and repair the dings. I often wonder why Amel did'nt put a proper rub rail on
these boats. Pat

In a message dated 12/18/2008 8:05:23 A.M. Eastern Standard Time,
bootlegger@mailasail.com writes:






I have just received some rubbing strake damage on my otherwise well
maintained
and preserved SM 2000; specifically a small section where the brown
surface
coating has chipped off completely revealing the bare fibre glass
moulding
as well as long abrasions, some of which penetrate the outer brown
coating.

Can anyone please advise me a) can the surface covering be abrasions be
polished out?
b) how best to repair the chipped off area to achieve the same brown
finish?
c) is there a specific color reference for this brown? Together with any

other advice. Such would be greatly appreciated.

Frank Newton
Bootlegger of Mann
# 321

[Non-text portions of this message have been removed]




**************One site keeps you connected to all your email: AOL Mail,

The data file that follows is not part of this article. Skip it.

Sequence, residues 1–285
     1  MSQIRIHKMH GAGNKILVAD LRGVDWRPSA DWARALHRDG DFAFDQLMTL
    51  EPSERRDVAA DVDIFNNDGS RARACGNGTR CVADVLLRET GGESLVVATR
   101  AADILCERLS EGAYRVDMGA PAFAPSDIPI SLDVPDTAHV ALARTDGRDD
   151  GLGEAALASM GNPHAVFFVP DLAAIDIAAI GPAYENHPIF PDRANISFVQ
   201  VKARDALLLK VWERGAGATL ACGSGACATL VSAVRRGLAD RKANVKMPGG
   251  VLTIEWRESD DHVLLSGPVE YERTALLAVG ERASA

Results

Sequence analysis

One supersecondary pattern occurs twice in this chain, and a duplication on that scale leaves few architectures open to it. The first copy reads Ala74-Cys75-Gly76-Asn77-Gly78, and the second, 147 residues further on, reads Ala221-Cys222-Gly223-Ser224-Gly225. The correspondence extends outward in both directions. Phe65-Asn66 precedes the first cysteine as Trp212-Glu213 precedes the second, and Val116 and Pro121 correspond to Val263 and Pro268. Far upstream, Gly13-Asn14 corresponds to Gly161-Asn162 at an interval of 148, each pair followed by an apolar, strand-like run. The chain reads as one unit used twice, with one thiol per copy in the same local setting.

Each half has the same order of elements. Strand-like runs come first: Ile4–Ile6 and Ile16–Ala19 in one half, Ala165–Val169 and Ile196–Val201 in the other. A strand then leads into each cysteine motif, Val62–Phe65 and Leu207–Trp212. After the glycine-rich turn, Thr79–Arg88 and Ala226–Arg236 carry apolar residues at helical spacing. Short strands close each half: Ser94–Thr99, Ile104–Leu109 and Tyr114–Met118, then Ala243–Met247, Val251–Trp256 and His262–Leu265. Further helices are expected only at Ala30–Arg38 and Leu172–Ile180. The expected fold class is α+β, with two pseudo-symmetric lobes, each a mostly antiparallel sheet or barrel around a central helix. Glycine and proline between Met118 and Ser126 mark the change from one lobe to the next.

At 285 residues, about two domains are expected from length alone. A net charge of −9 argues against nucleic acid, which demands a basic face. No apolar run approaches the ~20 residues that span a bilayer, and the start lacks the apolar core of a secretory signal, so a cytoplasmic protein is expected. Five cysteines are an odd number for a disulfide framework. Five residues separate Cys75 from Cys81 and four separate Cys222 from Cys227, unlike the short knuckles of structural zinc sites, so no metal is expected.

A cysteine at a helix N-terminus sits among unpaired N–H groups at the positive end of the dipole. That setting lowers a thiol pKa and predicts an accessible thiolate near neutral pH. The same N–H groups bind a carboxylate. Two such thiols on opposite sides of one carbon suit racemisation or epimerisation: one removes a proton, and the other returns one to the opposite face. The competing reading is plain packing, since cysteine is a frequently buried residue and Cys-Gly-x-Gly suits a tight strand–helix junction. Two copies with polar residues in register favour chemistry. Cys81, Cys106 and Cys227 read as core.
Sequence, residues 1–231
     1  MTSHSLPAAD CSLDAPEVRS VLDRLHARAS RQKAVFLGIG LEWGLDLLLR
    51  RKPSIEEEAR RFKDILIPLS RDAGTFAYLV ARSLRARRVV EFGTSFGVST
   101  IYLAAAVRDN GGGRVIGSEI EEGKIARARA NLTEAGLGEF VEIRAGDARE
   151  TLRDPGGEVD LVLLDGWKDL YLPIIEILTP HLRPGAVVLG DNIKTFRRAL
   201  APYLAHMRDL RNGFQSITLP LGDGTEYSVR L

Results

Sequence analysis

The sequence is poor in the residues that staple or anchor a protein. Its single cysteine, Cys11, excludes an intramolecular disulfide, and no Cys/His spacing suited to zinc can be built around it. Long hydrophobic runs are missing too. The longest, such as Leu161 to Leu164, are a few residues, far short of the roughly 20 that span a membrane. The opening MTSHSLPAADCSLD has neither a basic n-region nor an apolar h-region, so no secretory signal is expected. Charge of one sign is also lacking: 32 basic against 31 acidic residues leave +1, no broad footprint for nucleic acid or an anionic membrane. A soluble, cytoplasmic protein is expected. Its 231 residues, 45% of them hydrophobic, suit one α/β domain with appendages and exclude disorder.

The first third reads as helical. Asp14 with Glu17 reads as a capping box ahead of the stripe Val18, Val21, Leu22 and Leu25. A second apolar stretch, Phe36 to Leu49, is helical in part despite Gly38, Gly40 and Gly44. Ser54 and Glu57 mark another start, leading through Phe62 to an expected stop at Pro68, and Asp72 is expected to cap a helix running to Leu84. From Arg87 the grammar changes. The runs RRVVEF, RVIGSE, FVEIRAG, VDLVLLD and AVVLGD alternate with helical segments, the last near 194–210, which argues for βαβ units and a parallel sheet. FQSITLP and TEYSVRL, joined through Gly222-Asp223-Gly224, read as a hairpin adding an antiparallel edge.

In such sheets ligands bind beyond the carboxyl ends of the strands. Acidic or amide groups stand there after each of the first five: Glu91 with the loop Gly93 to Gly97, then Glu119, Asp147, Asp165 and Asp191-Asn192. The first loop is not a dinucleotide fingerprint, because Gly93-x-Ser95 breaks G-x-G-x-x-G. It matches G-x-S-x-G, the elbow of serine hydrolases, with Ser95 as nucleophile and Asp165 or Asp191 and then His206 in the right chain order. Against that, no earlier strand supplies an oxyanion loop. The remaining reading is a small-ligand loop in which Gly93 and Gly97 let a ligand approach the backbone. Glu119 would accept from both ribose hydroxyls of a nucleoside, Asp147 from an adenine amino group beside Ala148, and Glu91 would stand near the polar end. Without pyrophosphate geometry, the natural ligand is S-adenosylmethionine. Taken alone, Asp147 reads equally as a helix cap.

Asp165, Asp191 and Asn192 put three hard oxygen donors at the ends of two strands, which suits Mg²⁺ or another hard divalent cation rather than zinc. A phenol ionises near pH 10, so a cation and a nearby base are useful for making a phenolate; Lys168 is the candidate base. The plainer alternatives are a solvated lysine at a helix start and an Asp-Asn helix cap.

Gmail, and Yahoo Mail. Try it now.
(http://www.aol.com/?optin=new-dp&icid=aolcom40vanity&ncid=emlcntaolcom00000025)


New Set of Sails

karkauai
 

Ahoy, Amel Family. New member here, just bought 1999SuperMaramu on
Lake Texoma. Trucking to Galveston this mo. and trying to get her
ready to go south by mid Jan. She needs a new set of sails, and I'd
like some opinions on what was recommended by Banks Sails Gulf Coast
after talking to Amel. He said that a 145% genoa was recommended for
anything up to 30kts of wind, and a smaller headsail ~110% for steady
winds of 20+.
145% genoa sounds like a LOT of sail. I was wondering if those you who
are sailing SuperMaramu's are using this configuration and what you
think of it. If you're using something else, what?, and what are the
conditions your sailing in? I was thinking something more like 120-
130% genoa???

I'm going to need some hand-holding for a while, you'll probably hear a
lot from me in the coming months.

thanks in advance for your help.
Kent Robertson